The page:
Yesterday, I got back on my trend of playing courses that I haven’t reviewed yet on this site. Indian Hills Golf Club in Riverside was next on the list. I’ve been looking at their midweek deal times for awhile, so I finally went for it by booking a 9:53 tee time for only $15 through GolfNow.
It’s been many years since I visited Indian Hills. I played here a number of times in the past, though. I’ve actually always liked this course, but in recent years it seems to have been struggling a lot. Between the economy and the drought, this course fell from a solid mid-level option in the Inland Empire to one that people seemed to avoid like the plague. The reviews on Greenskeeper.org kept going from bad to worse and I chose to avoid it because it felt sad to see a decent track fall so hard.
Still, I was going to go out there and see it for myself. With the great weather we’ve been having in Southern California, our lower-end courses with kikuyu grass as the primary turf are getting to be as nice as they will be all year. It seemed like a good time to give it a shot. I’m glad I did.
I was paired up with another single and we teed off around 11:45 behind a steady flow of morning member groups. Another twosome caught up to us on the 3rd hole and joined us for the rest of the round as things were stop and go all day in front of us. Sometimes, we had to wait a long time to hit shots and other times the entire hole was wide open when we got to the tee. There seemed to be no rhyme or reason to the flow, but it was what it was and it resulted in a total pace of 4.5 hours.
Indian Hills is set in a community on a hillside overlooking Jurupa Valley. There are homes that line most holes of the course and there is a lot of OB in play, so it really is a target design. From the blue tees, it tops out at 6,104 yards and is a par-70 with just two par-5s in the routing. There are a few really short holes and then a couple beefy ones mixed in.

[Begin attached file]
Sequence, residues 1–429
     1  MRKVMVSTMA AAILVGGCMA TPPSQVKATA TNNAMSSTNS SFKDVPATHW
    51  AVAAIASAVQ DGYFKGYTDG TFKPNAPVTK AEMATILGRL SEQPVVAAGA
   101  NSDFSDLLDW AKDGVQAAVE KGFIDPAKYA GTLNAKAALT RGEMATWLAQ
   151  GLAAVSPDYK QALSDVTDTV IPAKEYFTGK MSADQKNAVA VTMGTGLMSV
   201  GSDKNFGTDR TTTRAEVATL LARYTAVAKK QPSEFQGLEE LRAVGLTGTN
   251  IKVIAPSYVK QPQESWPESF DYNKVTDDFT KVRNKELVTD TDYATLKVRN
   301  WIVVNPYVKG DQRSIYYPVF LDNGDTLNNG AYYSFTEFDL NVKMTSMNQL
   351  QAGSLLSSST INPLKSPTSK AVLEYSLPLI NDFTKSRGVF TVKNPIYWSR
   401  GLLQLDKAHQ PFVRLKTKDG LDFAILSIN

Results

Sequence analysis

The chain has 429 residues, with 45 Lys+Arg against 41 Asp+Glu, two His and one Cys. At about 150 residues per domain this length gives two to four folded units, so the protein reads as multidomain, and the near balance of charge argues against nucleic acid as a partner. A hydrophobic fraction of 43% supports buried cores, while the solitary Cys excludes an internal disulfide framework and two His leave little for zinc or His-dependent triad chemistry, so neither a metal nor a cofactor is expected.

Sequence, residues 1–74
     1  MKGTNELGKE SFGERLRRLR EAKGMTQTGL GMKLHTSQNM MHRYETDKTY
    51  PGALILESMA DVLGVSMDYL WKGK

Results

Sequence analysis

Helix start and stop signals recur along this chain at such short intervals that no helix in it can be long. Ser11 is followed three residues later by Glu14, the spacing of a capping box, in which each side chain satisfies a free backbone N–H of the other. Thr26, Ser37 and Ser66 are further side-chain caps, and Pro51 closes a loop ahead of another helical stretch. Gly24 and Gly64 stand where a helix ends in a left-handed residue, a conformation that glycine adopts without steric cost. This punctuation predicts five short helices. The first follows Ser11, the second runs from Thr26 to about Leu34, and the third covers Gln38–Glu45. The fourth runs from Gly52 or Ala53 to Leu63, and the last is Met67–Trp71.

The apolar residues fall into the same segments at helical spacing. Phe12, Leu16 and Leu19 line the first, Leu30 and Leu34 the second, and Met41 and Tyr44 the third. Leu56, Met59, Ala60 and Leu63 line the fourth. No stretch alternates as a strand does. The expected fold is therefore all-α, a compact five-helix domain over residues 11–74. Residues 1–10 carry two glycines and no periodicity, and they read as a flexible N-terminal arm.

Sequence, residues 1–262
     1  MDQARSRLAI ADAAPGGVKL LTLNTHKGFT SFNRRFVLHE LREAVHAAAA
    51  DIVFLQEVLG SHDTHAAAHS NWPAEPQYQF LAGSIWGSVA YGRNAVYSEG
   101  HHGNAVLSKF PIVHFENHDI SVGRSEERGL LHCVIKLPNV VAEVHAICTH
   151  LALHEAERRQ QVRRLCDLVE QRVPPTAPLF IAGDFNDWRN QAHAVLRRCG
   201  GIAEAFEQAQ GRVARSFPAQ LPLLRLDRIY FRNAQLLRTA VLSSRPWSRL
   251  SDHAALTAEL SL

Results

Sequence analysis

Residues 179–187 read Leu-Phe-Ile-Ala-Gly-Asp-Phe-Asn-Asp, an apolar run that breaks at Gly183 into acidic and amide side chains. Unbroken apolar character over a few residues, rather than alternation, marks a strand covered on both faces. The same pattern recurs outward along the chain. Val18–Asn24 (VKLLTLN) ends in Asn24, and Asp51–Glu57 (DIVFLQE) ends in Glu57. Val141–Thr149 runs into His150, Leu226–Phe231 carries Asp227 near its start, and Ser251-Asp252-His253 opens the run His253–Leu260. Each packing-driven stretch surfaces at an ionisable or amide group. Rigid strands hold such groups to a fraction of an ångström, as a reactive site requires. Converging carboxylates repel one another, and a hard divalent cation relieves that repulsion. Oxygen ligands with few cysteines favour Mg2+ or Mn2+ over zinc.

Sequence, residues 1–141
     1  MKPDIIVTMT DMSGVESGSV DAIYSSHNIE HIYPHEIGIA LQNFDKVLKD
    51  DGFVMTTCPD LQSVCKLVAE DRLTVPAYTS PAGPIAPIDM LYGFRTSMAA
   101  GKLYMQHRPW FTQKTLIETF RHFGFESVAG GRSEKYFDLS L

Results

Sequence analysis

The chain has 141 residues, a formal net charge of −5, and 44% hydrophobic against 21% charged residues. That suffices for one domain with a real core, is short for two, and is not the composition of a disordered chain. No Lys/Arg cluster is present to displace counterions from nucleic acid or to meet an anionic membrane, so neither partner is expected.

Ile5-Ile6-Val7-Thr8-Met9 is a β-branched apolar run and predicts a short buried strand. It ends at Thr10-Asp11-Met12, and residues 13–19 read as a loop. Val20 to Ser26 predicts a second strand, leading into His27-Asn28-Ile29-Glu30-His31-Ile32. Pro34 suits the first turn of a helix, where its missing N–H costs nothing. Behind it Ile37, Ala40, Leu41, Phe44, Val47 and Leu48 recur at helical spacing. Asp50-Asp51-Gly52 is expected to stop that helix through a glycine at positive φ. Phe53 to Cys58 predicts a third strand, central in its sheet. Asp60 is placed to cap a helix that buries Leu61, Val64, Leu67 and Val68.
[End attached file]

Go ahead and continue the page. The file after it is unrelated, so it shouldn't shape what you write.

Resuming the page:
Both par-3s on the front are relatively lengthy. The 3rd measures 199 yards and plays uphill. The 5th is 217 yards, but has an elevated tee box. Then, there’s the 451-yard par-4 9th, which is another tough one. Beyond these few longer holes, Indian Hills is about accuracy more than distance as it goes up, down, along and around the hills.
Easily the signature hole at Indian Hills is the par-4 16th. It features a very elevated tee that overlooks the entire valley. The hole itself is quite straightforward (though you do want to be aware of the water right of the green), but that view is excellent. It was a bit hazy yesterday, but it was still a nice view.
With so many bad reviews in recent years and a $15 price tag, I set my expectations pretty low in terms of conditions. I was pleasantly surprised to find the course looking rather green and playing well. The tee boxes could use some leveling out, but the grass coverage was nice. The fairways were mostly quite good. There were some ugly spots here and there, but I almost always had perfectly fluffy lies to hit from. The rough was more hit and miss with a little bit of everything in play, but still pretty lush in the areas that mattered most (just off fairways and especially around greens). The greens were soft and rolling at medium speeds. I fixed my share of stray ball marks, but overall they had pretty smooth surfaces. The bunkers were the one real issue. I was in a couple and they were absolutely terrible. They were just rock-hard with no sand to work with at all.
Beyond the bunkers, I have to imagine Indian Hills is in about as good a shape as it has been in some time. That’s great to see. The course still looks a little rough around the edges, the facilities feel somewhat run down and the layout isn’t for everybody. So, you still want to temper your expectations a little when coming here. For the price I paid, though, it was well worth it and I hope to keep seeing promising reviews of the course conditions on GK.
Some pictures from Indian Hills Golf Club (3/3/2016):